Besides the initial excitement at having such easy access to a myriad of musical sources something began to register very quickly: This music was free. Napster provided an avenue to get music without the anguish many experienced over prices at their local record shop. The music industry was completely out of the loop. Napster's pure and simple sharing became a crime as a file shared once was shared one million times through this digital distribution network. Artists like Metallica began to cry foul. The RIAA, caught a bit unaware at first, had been hot for Napster for a good six months negotiating and working a variety of legal avenues to try and stop the service. With major recording stars like Metallica and others joining them on the front lines they were sure they had the moral high ground.
What was curious about Napster was its simple design and even more remarkable conception. As the courts moved in and the RIAA began to put a strangle hold on the service, users swamped the system growing the archive into hundreds of millions of songs, getting what they could before it was gone. The application became a springboard for a new type of internet usage. Sharing systems were developed which allowed for downloads from multiple sources that increased download speeds. Now not only audio but also video and executable files became available, meaning nearly anything you could imagine could be found and downloaded. And a lesson learned from Napster's legal troubles now keeps files stored locally instead of at centrally administered sources.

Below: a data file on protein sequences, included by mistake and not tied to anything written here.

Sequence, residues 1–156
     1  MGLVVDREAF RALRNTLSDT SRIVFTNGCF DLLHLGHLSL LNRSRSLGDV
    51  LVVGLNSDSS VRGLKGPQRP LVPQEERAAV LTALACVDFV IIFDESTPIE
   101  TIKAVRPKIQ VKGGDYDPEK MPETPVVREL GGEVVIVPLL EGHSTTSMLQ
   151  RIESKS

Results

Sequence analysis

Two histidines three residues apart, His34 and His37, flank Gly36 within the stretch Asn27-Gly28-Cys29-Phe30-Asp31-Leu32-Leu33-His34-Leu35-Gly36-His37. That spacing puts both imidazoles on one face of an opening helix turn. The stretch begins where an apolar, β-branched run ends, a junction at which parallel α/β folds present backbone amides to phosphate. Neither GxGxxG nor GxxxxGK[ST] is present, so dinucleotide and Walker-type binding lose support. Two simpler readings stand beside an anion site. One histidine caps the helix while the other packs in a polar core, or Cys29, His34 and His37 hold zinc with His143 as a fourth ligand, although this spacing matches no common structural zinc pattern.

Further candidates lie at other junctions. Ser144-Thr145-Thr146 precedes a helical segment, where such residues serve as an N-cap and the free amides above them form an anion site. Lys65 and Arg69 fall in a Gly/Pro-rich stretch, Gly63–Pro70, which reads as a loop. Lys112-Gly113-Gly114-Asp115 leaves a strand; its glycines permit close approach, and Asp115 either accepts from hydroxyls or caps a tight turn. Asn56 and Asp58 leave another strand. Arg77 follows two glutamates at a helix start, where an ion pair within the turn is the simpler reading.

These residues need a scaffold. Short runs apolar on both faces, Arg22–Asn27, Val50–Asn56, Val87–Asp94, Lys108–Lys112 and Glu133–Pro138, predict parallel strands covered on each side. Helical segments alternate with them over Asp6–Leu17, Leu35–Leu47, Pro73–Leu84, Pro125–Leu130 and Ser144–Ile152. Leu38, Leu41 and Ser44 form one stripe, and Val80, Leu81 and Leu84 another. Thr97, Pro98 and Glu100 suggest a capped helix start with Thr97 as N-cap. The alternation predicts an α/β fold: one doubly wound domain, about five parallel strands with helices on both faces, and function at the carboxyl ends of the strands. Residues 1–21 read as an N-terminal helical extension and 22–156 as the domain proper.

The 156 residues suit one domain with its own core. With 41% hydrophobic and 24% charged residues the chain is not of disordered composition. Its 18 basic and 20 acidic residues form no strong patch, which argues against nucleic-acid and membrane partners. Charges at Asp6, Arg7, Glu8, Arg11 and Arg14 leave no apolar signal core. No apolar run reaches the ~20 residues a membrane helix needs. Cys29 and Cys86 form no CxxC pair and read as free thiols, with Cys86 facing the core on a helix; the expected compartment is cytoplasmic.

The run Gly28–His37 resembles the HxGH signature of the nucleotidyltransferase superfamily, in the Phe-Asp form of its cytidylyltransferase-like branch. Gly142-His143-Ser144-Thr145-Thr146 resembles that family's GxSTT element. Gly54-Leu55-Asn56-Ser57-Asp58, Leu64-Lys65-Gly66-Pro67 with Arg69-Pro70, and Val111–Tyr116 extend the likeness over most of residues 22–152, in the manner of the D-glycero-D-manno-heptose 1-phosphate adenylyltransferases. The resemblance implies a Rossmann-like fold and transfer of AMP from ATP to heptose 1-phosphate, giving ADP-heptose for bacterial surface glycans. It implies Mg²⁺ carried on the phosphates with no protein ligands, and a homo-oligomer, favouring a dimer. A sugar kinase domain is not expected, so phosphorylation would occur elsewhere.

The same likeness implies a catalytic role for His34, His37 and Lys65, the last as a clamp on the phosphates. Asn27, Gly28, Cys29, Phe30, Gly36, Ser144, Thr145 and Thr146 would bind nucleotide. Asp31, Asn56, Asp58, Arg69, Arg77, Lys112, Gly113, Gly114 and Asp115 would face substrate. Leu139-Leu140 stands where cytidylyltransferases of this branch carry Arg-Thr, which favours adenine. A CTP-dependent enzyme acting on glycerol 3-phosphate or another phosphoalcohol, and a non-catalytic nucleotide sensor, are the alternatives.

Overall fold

Napster was about music but high bandwidth meant a proliferation of movie files available via a new compression scheme known as DivX. Its controversy was two fold. One, the DVD protection scheme was being broken and two the massive data stored on DVDs was crunched into single CD sized files much like the MP3 crushed audio files ten fold, making its movement across the net much easier.